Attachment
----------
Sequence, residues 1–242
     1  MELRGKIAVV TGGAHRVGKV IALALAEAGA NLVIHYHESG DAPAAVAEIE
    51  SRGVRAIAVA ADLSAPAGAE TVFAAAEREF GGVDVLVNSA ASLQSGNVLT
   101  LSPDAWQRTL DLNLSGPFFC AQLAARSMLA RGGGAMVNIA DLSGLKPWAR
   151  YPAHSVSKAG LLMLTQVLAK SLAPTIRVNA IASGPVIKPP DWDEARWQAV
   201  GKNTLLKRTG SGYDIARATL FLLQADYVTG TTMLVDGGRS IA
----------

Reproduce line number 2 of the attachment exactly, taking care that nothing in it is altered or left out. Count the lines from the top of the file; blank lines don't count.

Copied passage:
     1  MELRGKIAVV TGGAHRVGKV IALALAEAGA NLVIHYHESG DAPAAVAEIE